By John Gill - Dec 17, 2018
Himalayan Life Canada is a registered charity seeking to protect, nurture and educate the children in the Himalayas. They run homes, shelters and educational programs for disadvantaged children such as street-kids or otherwise socially/economically marginalized kids. Since the devastating earthquake in April 2015, Himalayan Life have been working alongside communities in the Yangri Valley as they rebuild their lives, homes and infrastructure. They are operating a regional school for 100+ students in Yangri which they have built and are in the process of expanding.
Himalayan Life also operate the only plastic recycling plant in Nepal (Himalayan Plastics in Pokhara), processing around 10,000 plastic bottles every day! This is a huge step in cleaning up the streets and educating the country in proper waste management. If any of you have visited Nepal before, you will know how upsetting it can be to watch families burning piles of garbage or throwing it into rivers because there is no other way to deal with waste.
For further details please visit www.himalayanlife.com
Side note: the mountain in Himalayan Life's logo is Kanchenjunga!
I first met Daniel Burgi (founder and director) in Chukhung while guiding on the Everest High Passes Trek in 2017. I was quite surprised to find out that he lived 10 minutes away from me in North Vancouver. Daniel is an inspirational man who has dedicated the last 20+ years to helping those who are less fortunate. He speaks fluent Nepali and lives in Nepal for half the year. I was amazed by the work that Himalayan Life does, from caring for forgotten street kids, to re-building earthquake damaged homes in remote mountain villages, to battling Nepal's recycling issues.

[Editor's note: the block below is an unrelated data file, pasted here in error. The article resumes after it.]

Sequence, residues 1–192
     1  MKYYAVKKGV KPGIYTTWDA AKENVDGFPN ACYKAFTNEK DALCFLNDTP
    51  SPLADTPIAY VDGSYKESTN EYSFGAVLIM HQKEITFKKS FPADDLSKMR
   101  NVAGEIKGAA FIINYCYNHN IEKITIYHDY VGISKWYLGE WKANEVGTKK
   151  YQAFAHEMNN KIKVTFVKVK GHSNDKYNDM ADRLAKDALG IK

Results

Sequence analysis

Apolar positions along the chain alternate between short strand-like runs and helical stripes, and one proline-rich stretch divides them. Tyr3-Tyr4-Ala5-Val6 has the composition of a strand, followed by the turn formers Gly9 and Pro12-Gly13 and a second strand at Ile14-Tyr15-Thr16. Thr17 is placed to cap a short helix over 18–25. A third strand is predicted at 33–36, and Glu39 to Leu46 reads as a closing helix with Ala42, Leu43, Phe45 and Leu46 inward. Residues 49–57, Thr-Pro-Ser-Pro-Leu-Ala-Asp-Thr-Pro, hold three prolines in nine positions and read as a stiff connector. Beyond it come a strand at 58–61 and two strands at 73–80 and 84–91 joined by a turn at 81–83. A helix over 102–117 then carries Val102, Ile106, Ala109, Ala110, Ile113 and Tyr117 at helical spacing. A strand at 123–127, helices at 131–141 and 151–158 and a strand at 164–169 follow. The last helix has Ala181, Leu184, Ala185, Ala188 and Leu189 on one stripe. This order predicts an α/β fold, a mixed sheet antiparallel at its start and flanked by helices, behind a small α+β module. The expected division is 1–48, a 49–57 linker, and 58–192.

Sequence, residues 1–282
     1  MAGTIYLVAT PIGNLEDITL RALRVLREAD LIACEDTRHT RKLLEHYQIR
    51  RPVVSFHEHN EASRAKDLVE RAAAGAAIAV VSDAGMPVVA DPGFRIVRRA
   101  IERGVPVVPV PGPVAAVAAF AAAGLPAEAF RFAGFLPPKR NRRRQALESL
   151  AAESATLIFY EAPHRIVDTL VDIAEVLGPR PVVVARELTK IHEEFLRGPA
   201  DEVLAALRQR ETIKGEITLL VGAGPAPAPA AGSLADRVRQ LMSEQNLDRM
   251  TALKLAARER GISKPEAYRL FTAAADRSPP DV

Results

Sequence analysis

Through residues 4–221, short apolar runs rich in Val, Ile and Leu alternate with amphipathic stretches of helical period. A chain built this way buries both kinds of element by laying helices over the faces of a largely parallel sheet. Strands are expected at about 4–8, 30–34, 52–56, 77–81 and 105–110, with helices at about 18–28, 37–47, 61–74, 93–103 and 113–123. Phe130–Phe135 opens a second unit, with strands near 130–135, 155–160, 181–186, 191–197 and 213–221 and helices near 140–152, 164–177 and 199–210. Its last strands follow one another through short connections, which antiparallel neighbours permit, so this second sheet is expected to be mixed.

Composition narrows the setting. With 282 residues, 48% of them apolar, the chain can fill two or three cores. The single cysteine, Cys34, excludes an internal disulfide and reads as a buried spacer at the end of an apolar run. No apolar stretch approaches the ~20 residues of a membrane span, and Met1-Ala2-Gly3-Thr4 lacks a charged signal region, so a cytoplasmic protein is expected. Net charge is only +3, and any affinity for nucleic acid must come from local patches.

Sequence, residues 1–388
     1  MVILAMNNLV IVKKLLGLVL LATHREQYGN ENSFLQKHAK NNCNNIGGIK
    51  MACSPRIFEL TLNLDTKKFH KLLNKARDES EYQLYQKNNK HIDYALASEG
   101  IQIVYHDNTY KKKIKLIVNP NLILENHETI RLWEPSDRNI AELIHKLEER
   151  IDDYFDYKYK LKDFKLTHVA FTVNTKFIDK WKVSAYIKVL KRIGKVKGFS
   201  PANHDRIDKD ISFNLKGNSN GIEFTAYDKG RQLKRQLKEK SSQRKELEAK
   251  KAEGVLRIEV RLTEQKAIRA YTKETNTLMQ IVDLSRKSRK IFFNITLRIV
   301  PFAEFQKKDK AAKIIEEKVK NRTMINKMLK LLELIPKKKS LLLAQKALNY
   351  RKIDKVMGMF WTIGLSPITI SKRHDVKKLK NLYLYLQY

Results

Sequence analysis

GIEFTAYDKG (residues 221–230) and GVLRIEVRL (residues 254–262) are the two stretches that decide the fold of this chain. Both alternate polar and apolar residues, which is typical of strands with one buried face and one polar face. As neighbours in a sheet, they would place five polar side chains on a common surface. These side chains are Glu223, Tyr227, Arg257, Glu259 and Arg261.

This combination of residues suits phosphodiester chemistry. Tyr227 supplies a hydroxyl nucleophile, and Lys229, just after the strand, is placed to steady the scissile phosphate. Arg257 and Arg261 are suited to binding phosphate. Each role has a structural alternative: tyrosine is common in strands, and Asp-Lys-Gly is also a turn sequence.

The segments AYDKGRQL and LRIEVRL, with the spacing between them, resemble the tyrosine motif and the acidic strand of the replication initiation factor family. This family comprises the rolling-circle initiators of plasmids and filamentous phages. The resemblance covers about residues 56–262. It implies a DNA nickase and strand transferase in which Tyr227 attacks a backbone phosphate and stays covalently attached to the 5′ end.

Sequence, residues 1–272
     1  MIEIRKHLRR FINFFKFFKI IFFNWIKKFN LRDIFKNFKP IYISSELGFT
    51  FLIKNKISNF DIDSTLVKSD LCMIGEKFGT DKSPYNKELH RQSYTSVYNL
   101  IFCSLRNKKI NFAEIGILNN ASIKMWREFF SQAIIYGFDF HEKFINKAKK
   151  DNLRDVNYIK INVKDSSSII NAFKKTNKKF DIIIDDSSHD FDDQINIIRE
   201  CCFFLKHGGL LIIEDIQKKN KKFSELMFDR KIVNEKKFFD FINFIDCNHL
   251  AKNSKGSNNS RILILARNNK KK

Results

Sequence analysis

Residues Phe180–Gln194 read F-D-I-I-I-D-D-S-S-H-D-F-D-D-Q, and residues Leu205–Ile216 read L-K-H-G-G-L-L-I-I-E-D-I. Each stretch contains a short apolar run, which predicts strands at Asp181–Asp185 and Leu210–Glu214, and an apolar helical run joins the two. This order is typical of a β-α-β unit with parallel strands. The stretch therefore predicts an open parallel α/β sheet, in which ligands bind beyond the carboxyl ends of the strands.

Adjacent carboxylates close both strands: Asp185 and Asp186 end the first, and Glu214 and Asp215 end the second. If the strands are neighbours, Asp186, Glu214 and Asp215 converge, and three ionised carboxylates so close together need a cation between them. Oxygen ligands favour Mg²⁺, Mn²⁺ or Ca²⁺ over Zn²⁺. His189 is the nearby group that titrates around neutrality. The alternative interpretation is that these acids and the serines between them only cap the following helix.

I knew I wanted our expedition to have a greater purpose. I don't want to be another group of Westerners contributing to a 3rd world countries problems. We have the ability, and a responsibility to make positive change, and to not simply glance over the issues. Nepal is more than beautiful mountains.
I've seen so many articles in the past few years about garbage being collected from Everest Base Camp. This BBC article describes a clean-up campaign aiming to remove 100 tonnes of garbage from Everest. That garbage will likely go into landfill, even though the majority of it could be recycled. The Khumbu glacier, where Everest Base Camp is located, is the source of water for hundreds of villages throughout Nepal and India. The garbage left behind by expeditions and trekkers is not only horrible to look at, but it pollutes countless peoples drinking water.
We are planning for our Kanchenjunga expedition to 'leave no trace', and to pack out all the waste that would usually go into the glacier, to remain there for thousands of years. Unfortunately, we can't avoid the fact that this garbage will eventually go into landfill somewhere else in Nepal. This is where Himalayan Life comes in. Most of our garbage can be recycled, so by donating to Himalayan Lifes plastic recycling plant, we can offset our footprint by helping them clean up Nepal. If possible, we will weigh our garbage and calculate how much we need to donate to recycle that amount of waste.
Every effort will be made to reduce the amount of packaging and potential garbage that we take onto the glacier. This will also reduce weight, meaning less manpower to stock the expedition. My hope is that we can influence future expeditions to these pristine and wild places, and to show that we can work towards greener expeditions, so future generations can enjoy the beauty of the Himalayas as we do today.